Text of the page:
Andrea Pozzo bigraphy, stories - Jesuit Brother, architect and painter

Andrea Pozzo : biography

30 November 1642 - 31 August 1709

Andrea Pozzo ( Latinized version: Andreas Puteus; 30 November 1642 – 31 August 1709) was an Italian Jesuit Brother, Baroque painter and architect, decorator, stage designer, and art theoretician.

Pozzo was best known for his grandiose frescoes using illusionistic technique called quadratura, in which architecture and fancy are intermixed. His masterpiece is the nave ceiling of the Church of Sant'Ignazio in Rome. Through his techniques, he has become one of the most remarkable figures of the Baroque period. He is also noted for the architectural plans of the Ljubljana Cathedral (1700), inspired by the designs of the Jesuit churches Il Gesù and S. Ignazio in Rome.


Called to Rome

In 1681, Pozzo was called to Rome by Giovanni Paolo Oliva, Superior General of the Jesuits. Among others, Pozzo worked for Livio Odescalchi, the powerful nephew of the pope, Innocent XI. Initially he was used as a stage designer for biblical pageants, but his illusionistic paintings in perspective for these stages gave him soon a reputation as a virtuoso in wall and ceiling decorations.

The Gesù rooms

His first Roman frescoes were in the corridor linking the Church of the Gesù to the rooms where St.Ignatius had lived. His trompe l'oeil architecture and paintings depicting the Saint's life for the Camere di San Ignazio (1681–1686), blended well with already existing paintings by Giacomo Borgognone.

The St Ignatius' Church

His masterpiece, the illusory perspectives in frescoes of the dome, the apse and the ceiling of Rome's Jesuit church of Sant'Ignazio (illustrations right and below) were painted between 1685–1694 and are a remarkable and emblematic creation of High Roman Baroque. For several generations, they set the standard for the decoration of Late Baroque ceiling frescos throughhout Catholic Europe. Compare this work to Gaulli's masterpiece in the other major Jesuit church in Rome, Il Gesù.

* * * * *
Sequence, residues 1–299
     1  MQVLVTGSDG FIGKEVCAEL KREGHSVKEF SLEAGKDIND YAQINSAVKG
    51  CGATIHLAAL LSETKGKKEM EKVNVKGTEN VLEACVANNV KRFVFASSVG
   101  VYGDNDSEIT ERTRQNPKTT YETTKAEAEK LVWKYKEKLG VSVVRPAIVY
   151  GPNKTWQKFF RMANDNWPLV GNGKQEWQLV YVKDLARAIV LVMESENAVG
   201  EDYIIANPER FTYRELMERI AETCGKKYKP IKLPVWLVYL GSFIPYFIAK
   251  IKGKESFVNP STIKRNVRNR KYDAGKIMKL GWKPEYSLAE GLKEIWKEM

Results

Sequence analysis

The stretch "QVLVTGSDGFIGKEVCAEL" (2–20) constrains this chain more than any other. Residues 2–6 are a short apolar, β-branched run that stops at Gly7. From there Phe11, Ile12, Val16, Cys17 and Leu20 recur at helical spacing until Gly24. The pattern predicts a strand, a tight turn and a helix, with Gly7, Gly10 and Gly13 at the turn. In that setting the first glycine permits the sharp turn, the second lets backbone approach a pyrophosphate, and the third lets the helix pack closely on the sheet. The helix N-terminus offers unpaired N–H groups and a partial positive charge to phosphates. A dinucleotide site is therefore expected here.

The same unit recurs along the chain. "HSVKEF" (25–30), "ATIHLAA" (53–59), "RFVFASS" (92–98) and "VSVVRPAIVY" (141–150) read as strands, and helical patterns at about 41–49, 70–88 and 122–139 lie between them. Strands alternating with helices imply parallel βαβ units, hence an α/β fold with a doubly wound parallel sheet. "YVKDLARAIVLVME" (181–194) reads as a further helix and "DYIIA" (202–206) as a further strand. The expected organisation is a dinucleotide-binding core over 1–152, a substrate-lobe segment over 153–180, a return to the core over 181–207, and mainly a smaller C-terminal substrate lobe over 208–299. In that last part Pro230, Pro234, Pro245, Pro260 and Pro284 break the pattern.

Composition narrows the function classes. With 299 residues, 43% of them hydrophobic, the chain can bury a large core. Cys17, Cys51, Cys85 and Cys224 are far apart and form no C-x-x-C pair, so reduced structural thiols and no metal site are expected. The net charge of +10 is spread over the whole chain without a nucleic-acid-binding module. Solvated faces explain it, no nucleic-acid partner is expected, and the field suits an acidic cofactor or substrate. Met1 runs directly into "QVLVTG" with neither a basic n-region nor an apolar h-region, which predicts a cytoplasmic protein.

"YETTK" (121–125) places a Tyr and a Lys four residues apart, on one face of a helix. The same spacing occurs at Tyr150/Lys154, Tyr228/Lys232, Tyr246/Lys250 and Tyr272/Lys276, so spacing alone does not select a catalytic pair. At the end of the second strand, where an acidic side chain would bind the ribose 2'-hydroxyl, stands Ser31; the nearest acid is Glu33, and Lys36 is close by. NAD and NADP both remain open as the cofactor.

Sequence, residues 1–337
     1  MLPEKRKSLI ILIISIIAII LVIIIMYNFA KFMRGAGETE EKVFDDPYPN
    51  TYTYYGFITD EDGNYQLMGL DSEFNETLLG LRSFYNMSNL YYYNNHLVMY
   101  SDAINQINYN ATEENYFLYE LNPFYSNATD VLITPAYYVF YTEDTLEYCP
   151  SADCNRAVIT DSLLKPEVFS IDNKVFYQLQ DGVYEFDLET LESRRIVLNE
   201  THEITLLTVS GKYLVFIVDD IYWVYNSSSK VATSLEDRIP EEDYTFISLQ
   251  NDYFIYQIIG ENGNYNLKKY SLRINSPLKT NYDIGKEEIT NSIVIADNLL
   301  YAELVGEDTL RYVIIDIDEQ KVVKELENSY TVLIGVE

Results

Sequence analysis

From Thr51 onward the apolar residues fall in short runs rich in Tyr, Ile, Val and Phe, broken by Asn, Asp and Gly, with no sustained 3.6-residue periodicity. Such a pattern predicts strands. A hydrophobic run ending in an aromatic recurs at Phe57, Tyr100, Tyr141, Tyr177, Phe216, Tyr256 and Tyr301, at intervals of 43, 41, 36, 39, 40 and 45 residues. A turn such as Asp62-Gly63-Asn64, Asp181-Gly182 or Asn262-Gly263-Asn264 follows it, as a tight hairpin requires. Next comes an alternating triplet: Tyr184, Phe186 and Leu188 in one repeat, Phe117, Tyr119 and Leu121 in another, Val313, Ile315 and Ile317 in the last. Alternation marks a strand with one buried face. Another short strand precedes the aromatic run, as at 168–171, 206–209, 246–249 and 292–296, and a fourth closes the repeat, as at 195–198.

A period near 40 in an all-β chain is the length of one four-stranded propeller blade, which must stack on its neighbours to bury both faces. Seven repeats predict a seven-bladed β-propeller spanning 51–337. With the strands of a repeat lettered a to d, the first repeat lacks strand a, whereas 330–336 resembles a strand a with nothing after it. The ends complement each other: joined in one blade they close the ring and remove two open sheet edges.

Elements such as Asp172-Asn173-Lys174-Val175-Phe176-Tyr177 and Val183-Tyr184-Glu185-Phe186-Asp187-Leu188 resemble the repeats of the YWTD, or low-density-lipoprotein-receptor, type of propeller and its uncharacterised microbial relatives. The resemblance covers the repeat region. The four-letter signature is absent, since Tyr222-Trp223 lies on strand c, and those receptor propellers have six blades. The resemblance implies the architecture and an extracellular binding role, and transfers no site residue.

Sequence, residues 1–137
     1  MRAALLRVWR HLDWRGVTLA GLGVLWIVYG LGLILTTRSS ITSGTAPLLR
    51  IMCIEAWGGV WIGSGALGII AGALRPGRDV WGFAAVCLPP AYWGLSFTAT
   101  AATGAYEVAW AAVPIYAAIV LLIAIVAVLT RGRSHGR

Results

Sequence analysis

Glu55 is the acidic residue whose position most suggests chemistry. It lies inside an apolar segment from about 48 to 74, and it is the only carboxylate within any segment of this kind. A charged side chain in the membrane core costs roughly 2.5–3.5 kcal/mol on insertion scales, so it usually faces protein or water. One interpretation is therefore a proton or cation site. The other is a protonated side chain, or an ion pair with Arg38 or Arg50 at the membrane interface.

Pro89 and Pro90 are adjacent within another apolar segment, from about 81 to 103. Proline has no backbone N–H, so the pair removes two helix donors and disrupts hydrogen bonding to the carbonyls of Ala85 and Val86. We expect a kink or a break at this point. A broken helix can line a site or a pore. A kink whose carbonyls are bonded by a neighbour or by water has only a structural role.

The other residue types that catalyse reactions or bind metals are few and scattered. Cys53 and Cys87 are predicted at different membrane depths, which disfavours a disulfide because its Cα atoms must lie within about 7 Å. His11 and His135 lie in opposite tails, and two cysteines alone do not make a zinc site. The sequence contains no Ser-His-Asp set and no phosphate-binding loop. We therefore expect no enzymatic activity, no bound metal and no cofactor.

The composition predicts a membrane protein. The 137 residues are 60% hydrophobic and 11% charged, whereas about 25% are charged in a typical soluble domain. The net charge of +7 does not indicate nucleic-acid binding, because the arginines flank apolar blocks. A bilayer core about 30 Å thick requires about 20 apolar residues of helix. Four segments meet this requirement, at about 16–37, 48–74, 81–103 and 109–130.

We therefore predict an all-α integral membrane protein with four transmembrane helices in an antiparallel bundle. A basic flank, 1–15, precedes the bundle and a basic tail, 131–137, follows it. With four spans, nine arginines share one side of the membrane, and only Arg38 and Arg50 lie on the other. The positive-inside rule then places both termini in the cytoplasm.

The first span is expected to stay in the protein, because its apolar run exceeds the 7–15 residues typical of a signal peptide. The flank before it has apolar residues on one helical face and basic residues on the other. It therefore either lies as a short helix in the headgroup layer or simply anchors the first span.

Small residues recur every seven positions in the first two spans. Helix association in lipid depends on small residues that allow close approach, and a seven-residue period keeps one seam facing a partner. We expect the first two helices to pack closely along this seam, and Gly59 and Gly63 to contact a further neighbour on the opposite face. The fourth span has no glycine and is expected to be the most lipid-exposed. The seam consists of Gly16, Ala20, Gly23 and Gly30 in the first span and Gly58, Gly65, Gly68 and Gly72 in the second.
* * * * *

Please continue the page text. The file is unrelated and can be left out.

The project had not started upon the church's completion; Sant'Ignazio remained unfinished even after its consecration in 1642. Disputes with the original donors, the Ludovisi, had stopped construction of the planned dome. Pozzo expediently proposed to make an illusionistic dome, when viewed from inside, by painting on canvas. It was impressive to viewers, but controversial; some feared the canvas would soon darken.

On the flat ceiling he painted an allegory of the Apotheosis of S. Ignatius, in breathtaking perspective. The painting, 17 m in diameter, is devised to make an observer, looking from a spot marked by a brass disc set into the floor of the nave, seem to see a lofty vaulted roof decorated by statues, while in fact the ceiling is flat. The painting celebrates the missionary spirit of two centuries of adventurous apostolic spirit of Jesuit explorers and missionaries. To modern sensitivity, this would appear to incentivate the expansion of Roman Catholicism, along with the overseas enterprises of the day, to other continents. It was also a combative Catholicism. For example, in the pendentives rather than placing the usual evangelists or scholarly pillars of doctrine, he depicted the victorious warriors of the old testament: Judith and Holofernes; David and Goliath; Jael and Sisera; and Samson and the Philistines. It is said that when completed, some said (sic)"Sant'Ignazio was a good place to buy meat, since four new butchers are now there."

In the nave fresco, light comes from God the Father to the Son who transmits it to St. Ignatius, whence it breaks into four rays leading to the four continents. Pozzo explained that he illustrated the words of Christ in Luke: I am come to send fire on the earth, and the words of Ignatius: Go and set everything aflame. A further ray illuminates the name of Jesus (2). With its perspective, space-enlarging illusory architecture and with the apparition of the heavenly assembly whirling above, the ensemble offered an example which was copied in several Italian, Austrian, German and Central European churches of the Jesuit order.

Living octopus

Living octopus

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